Those who see Reeva Steenkamp's death as a feminist call to arms are wrong

However appalling Pistorius’s actions, it should be recognised that he killed his girlfriend in a wild, reckless and obscenely macho attempt to protect her

Click to follow

“Know your target and what lies beyond.”

They were the damning words, written in Oscar Pistorius’s own handwriting, in his firearms competency examination.

If the horrific death of Reeva Steenkamp and its 20-month aftermath should instruct us of anything, it is to be sure we know what we are firing at before we pull the trigger.

Those who look at this case and see a tale of domestic violence, who clamour to use it as an excuse to “tell another story” about crimes against women, aren't bothering to check what's behind the door.

And yet, despite the judge - herself a woman, and one with an almost unmatched track record in standing up for the downtrodden - making abundantly clear there is not one scrap of evidence to support the notion that Oscar Pistorius knew he was firing at Reeva Steenkamp, and plenty to suggest he didn’t - his terrible tale is now being all too predictably dovetailed in with every wife beater, spouse killer and rapist out there. Even, in many cases, Ched Evans. He is nothing of the sort.

There are, of course, millions out there who are certain this was a deliberate murder, who will never be convinced Pistorius believed he was shooting at an intruder. I have met many of these people, and they have one thing in common - they do not know what they are talking about.

Whenever people ask me about this case (I spent several months in that courtroom, covering it for The Independent), the one thing that consistently strikes me is not how many people don’t believe Pistorius’s story, but how few who even know what it is.

Why didn’t he call out "Reeva, is that you in there?" is the most common question. Answer: He did.

Why did she stay silent? Why didn’t she say "Oscar it’s me, put the gun down", is the other. Answer: Because (he says) she was hiding in fear from the intruder he was shouting at. She didn’t know the intruder was in fact her.

In a tiny courtroom in a tiny town, it’s hardly surprising that the journalists and legal analysts from around the world got to know each other rather well as the trial wore on and on and on. At the start, around the various restaurant tables booked for 20 or more almost every single night, the prevailing view was that clearly he had shot her on purpose. “He is a psychopath, I’ve known it all along,” said one correspondent of international renown who shall remain nameless.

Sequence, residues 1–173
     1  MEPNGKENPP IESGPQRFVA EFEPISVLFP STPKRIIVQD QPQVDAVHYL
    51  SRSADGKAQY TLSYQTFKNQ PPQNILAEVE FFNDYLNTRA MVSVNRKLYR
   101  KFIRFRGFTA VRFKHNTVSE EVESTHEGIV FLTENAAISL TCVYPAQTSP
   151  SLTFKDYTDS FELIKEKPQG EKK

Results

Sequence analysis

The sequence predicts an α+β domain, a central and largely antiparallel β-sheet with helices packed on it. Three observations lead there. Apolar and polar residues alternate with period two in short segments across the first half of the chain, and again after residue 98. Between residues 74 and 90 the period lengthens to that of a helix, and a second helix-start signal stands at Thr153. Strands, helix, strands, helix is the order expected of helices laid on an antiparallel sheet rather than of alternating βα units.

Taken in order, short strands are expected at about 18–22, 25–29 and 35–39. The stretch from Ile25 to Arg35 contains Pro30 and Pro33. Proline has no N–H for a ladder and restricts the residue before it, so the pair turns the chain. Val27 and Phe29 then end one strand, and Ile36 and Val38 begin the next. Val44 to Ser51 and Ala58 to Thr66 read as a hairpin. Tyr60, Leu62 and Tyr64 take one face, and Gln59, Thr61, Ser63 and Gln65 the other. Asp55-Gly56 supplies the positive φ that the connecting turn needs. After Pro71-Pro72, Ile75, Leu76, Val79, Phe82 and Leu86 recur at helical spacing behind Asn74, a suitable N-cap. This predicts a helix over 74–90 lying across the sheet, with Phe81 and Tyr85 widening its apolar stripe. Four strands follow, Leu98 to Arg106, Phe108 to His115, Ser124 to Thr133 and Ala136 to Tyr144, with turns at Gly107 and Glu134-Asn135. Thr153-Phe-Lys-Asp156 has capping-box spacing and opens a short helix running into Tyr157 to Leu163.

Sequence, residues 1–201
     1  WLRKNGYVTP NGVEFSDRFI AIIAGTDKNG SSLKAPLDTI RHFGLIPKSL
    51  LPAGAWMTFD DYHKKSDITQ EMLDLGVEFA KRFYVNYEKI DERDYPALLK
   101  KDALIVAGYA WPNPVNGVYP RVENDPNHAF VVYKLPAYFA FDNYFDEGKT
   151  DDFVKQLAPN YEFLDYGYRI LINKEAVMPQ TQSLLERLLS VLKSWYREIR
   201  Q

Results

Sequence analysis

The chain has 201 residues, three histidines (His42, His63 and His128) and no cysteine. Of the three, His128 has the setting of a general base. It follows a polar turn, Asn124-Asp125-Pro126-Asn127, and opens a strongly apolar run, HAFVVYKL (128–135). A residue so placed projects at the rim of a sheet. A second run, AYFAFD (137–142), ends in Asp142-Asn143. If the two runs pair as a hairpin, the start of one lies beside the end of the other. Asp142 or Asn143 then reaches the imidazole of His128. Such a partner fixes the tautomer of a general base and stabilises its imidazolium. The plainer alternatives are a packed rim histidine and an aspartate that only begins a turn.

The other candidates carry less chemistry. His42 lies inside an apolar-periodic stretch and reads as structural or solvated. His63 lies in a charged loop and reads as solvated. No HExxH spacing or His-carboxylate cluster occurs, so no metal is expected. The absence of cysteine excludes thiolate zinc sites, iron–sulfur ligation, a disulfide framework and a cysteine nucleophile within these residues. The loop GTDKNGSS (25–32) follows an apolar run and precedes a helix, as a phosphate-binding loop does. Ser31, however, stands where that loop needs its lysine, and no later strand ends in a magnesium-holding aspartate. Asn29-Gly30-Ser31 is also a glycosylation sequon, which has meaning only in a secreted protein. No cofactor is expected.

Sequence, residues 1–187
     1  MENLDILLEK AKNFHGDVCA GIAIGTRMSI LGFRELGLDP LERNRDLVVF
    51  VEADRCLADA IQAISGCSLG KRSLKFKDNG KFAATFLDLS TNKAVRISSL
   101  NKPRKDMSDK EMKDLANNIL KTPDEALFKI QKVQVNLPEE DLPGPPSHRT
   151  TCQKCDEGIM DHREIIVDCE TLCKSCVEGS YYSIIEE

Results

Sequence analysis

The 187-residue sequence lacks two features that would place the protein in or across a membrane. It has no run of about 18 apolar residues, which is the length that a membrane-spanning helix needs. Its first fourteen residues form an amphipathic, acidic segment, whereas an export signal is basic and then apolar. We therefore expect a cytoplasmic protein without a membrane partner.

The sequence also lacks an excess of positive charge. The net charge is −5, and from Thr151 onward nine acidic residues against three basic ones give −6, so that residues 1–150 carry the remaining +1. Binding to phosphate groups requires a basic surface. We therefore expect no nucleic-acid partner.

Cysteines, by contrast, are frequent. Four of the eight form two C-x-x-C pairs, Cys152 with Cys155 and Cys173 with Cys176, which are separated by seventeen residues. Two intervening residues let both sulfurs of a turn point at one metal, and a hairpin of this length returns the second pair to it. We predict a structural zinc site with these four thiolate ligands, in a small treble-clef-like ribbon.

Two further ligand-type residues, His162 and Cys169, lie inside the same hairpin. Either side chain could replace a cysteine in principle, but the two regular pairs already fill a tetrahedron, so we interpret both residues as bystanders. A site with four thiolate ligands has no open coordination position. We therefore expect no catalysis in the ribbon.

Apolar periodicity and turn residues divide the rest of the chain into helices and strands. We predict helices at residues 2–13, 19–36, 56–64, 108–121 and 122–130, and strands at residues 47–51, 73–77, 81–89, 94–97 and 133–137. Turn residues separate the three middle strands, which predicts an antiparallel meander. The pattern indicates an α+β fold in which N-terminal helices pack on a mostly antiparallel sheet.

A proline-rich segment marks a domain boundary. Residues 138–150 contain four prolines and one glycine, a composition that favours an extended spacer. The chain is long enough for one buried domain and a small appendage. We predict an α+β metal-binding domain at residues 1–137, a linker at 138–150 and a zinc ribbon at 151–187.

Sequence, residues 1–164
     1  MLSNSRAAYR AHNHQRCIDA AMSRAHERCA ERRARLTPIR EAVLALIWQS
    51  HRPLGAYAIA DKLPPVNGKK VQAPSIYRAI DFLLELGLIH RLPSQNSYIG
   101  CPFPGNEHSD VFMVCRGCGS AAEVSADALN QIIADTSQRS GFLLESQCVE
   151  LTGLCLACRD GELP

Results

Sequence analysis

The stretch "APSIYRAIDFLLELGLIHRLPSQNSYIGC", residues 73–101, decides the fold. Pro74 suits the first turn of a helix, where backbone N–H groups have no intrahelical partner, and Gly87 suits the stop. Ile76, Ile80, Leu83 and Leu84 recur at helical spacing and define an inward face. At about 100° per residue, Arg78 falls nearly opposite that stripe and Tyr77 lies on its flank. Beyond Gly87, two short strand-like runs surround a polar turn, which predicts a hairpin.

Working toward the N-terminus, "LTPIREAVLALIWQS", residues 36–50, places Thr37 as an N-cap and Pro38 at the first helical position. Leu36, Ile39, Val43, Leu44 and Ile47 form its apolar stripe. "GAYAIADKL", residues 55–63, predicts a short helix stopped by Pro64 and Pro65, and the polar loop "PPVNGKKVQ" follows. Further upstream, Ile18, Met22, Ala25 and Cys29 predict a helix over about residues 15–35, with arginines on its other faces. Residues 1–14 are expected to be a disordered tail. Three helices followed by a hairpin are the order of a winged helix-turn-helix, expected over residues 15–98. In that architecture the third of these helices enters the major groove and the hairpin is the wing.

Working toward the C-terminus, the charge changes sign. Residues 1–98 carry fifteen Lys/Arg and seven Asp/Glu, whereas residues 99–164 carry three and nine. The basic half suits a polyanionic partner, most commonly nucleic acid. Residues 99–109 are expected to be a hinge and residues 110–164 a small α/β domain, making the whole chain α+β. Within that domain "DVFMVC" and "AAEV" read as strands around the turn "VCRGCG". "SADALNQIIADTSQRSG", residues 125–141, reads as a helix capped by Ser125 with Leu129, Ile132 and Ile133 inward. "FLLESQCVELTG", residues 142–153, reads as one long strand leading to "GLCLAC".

Those who disagreed were mocked as being "Team Pistorius" or "Pistorians". (I did a fair amount of the mocking myself.)

Except, as the trial wore on, everyone slowly became a Pistorian.

The angle of the bullets through the door, all but confirming that if he shot her deliberately and in anger, he did so from a ridiculously acute angle, consistent with not wanting to reveal his position, or move within the perceived intruder’s range of fire, was a particular clincher.

Then there were the “blood-curdling woman’s screams” too, heard from nearly 200 metres away, that can only possibly have been heard long after Reeva Steenkamp had been fatally shot in the head.

There is not a single person left out there, in my view, who knows what they are talking about, who thinks he knew it was her.

Oscar Pistorius has been quite rightly jailed for culpable homicide. His actions were so reckless and so negligent he deserved a prison sentence. He was fortunate in the extreme to escape a conviction on second degree murder. There may yet be an appeal.

But for those for whom this is just another tale of violence against women, it is worth noting that, had he indeed opened the bathroom door and found an intruder lying there dead, who it’s fair to hypothesise would have been a man, Pistorius would likely be out on the running track now, preparing for Rio.

Who among us isn’t guilty of looking at what goes on around them and seeing it as confirmation of their own views? The Pistorius case has certainly confirmed many a pre-held belief on handguns - that they are too dangerous to be allowed in the home.

To use this case as the jumping off point to “tell the other story” about domestic violence in South Africa and around the world, about its unacceptable levels of ‘intimate femicide’, is just to idly conflate men with guns. That men too, are just inherently violent and dangerous, and that Reeva made a mistake simply in being in the same house as one. There is some truth in that argument, but it is not a very constructive one.

However appalling Pistorius’s actions, it should be recognised that he killed his girlfriend in a wild, reckless and obscenely macho attempt to protect her. He is not a domestic abuser. If this was an ‘intimate femicide’, it was in name only.

Know your target, and what lies beyond.